By Alleen Brown
By Maggie LaMaack
By CP Staff
By Jesse Marx
By Jesse Marx
By Maggie LaMaack
By Jake Rossen
Eberhardt had been hired by developer Ray Harris, who had exclusive rights to develop a huge retail and entertainment complex on Block E. "R.T. was there to recruit tenants," recalls Harris, CEO of Urban Development and the owner of Calhoun Square and other Minneapolis properties. "Do I think he did a great job for me? No. I don't recall him doing anything of significance. But that wasn't why the project failed. It was a rough financial market and we weren't able to arrange the financing in time to meet the city's timetable."
As a member of the Downtown council, Rybak had worked to convince Target to open an urban store. But after extensive negotiations with a variety of firms and potential partners, he could not structure a deal without significant subsidies from the city (still less money, he claims, than what taxpayers are underwriting in the current deal). Target contacted Rybak at Eberhardt to help them reevaluate the possibility of building downtown. He assisted the company in assessing potential locations and design options, and in choosing Minnetonka-based Opus Corporation as the project developer. Some five years later, Target finally struck a deal with the city, albeit with a different developer. (Target spokesperson Carolyn Brookner says the company would not comment on any aspect of its relationship with Rybak.)
In the "About R.T." section of his campaign Web site, rtformayor.com, Rybak describes his work on the downtown council as being "a salesperson for Minneapolis who brought big and small businesses to town." Pressed for specific examples, he cites the restaurant Chez Bananas and the now-defunct Baxter Books as small businesses he successfully recruited. His big-business example is Target. On numerous occasions, in fact, he has described himself as "a major player in getting the Target store downtown." Yet he also claims that if he had been mayor, he never would have approved the deals for Block E (which involves $30 million in city-backed bonds) or Target (which contains $62 million in subsidies).
After his role on the Target-store project concluded in 1991, Rybak was contracted by the corporation to serve as liaison between the Target stores and the then-recently named Target Center arena, most notably creating the TREATSEATS discount ticket program that became a national model. The work was lucrative enough for him to leave Eberhardt and go out on his own for three years under the aegis of R.T. Rybak Co., supplementing his Target account by working with Starbucks and the Minnesota Historical Society, among others. Setting aside 30 percent of his time for volunteer community activities and political work, he became deeply involved in Rip Rapson's 1992 mayoral campaign and former Tony Bouza's gubernatorial bid in 1994. He also co-founded the environmental group SWIM (Save the Water In Minneapolis), with his wife Megan.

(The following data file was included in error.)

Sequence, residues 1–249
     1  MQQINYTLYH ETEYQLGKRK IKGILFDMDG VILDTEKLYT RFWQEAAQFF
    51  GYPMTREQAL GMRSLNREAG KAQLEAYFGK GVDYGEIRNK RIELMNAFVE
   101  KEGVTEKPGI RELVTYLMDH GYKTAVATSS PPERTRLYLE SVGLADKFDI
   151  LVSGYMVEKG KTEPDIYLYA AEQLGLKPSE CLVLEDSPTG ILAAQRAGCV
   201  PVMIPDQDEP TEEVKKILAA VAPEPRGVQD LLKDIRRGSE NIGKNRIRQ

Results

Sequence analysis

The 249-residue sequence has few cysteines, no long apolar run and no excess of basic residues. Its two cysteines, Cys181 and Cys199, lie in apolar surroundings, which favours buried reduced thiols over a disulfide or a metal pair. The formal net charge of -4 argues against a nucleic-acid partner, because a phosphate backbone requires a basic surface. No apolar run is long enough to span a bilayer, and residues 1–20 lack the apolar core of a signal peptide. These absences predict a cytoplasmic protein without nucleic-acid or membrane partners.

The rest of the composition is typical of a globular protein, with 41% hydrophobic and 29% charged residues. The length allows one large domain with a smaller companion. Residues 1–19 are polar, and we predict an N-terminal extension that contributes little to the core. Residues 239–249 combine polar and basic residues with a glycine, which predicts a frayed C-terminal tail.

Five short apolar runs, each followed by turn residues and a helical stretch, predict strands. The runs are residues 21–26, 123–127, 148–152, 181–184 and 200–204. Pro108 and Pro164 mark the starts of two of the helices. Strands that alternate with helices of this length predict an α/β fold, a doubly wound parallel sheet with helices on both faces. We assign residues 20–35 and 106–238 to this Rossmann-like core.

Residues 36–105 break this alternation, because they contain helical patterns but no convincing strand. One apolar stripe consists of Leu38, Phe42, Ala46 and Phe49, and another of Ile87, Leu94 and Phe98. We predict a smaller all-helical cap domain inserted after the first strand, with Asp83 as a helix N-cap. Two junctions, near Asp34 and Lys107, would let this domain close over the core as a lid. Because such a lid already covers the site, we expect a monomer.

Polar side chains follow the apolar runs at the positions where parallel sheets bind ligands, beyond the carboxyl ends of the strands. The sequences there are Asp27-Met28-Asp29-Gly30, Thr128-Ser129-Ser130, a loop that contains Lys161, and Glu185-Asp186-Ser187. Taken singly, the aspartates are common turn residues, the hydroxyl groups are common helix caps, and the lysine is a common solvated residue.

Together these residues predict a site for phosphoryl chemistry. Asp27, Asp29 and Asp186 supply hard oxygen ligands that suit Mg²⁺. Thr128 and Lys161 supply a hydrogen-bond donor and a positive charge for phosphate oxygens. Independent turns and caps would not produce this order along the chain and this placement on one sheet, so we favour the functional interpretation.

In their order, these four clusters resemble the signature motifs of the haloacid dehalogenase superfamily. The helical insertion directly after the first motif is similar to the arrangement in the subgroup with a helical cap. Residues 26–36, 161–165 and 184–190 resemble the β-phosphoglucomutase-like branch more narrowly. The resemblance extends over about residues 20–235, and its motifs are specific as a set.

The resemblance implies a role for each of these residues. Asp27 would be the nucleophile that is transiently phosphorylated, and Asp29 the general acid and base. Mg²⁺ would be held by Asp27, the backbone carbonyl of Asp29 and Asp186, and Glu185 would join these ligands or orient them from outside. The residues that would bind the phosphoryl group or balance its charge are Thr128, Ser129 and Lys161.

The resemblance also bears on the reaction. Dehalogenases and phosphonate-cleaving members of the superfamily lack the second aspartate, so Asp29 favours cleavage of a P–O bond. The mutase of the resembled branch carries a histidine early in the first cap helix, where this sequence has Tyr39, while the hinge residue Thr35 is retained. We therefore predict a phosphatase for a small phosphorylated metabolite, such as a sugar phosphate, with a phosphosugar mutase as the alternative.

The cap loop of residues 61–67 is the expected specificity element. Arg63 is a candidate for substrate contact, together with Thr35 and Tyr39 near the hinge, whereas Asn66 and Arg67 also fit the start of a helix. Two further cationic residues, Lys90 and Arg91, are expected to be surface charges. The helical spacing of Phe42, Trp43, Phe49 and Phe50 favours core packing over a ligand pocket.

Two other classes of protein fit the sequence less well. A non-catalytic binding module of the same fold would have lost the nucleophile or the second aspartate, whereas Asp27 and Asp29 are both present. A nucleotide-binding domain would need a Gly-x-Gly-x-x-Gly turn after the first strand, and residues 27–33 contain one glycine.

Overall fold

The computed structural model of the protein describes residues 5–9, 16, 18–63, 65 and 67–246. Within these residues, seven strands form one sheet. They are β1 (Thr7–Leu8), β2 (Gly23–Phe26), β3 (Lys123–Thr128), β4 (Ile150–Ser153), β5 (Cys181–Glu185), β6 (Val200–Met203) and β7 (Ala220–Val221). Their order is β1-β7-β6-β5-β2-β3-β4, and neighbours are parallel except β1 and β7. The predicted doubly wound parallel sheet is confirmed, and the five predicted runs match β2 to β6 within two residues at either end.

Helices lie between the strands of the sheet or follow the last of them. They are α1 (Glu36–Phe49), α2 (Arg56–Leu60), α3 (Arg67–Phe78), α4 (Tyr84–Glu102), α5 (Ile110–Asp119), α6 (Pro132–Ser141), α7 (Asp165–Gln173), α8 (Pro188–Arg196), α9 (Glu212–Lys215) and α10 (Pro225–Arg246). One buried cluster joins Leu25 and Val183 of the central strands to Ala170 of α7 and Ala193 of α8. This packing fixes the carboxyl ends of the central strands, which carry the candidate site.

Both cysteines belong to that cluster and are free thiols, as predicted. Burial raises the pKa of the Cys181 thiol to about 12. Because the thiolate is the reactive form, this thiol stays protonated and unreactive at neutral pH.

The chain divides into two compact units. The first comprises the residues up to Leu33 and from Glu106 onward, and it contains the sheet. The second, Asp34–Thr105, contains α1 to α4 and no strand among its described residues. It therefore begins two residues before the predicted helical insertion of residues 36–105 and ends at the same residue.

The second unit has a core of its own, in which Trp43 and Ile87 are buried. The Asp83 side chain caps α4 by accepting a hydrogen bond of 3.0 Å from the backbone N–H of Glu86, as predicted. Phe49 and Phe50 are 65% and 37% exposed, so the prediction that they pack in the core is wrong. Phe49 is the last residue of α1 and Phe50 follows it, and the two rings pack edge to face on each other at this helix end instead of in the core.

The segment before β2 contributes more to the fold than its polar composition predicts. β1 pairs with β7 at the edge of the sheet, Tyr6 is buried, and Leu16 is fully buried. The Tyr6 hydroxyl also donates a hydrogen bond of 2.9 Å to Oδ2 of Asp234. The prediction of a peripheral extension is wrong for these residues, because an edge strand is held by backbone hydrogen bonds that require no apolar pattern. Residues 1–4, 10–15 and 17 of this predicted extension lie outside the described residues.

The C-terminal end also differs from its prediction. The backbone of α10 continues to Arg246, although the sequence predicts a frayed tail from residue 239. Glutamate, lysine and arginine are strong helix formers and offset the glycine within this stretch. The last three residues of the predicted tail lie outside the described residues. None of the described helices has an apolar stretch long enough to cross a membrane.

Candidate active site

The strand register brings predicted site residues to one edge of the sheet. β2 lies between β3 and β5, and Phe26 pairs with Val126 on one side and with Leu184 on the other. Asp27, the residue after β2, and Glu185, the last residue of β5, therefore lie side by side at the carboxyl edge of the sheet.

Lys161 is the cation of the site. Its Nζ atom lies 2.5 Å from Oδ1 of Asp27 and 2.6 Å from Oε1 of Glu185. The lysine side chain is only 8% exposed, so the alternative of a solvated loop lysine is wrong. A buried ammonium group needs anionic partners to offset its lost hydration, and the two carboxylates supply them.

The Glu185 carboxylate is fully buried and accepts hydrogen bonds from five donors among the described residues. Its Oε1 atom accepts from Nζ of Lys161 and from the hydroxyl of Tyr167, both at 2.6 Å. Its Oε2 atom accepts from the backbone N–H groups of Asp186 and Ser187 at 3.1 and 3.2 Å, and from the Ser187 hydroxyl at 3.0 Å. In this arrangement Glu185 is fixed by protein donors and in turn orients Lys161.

The business was going so well that it took six months of lobbying to convince Rybak to sign on as publisher of the floundering Twin Cities Reader in September 1994. "I walked in and things were on fire," Rybak recalls. "The idea was to move on things very quickly. We juiced up ad revenue, redesigned the distribution system, redid the printing contract, hired a new editor, launched an arts section and [the GLBT paper] Q Monthly. I went back to the owners and said, 'We did all this. Now it is time for you to put more money in.' And they said, 'We're not putting in a dime. We're trying to sell this thing.' The owners were called CityMedia at the time and they sucked it dry. They were pricks." (Rybak was hired by Thomas Minnhagen, a former CEO and president at CityMedia, who could not be reached for comment.)
Rybak claims he assembled investors and tried to buy the Reader for approximately $2.5 million in 1995, and again a year later. CityMedia preferred to package the weekly into a sale of all its local media properties--including Corporate Report magazine and the weekly paper City Business--to American City Business Journals. (ACBJ eventually sold the Reader to Stern Publishing, which purchased City Pages in February 1997 and closed the Reader soon after.)
Once his second purchase proposal had been rejected, Rybak accepted an offer to become vice president of Internet Broadcasting Systems in December of 1996. In essence, he became the publisher of IBS's Channel 4000, a news Web site set up in partnership with WCCO-TV (Channel 4). Before he took the job, he had been online exactly twice in his life and didn't know how to send an e-mail. He would last 17 months.
"I want it reflected that I think the world of R.T.," says IBS president Reid Johnson. "But the biggest challenge that Web sites have is selling advertising. At the time R.T. was here, online-only advertising was fading, and we needed someone to focus 95 percent of their time on ad sales. R.T. decided that was not what he came to us for."
"I walk in not knowing anything about the Internet and right out of the chute I had to run the newsroom, the partnership with 'CCO, the technical Web shop," Rybak remembers. "One week CBS is going to buy us and we're all going to be multimillionaires. And the next week we're broke. I kind of loved it because I'm more of an open-field runner, but it did get kind of nuts. And after a certain point, the money just wasn't there."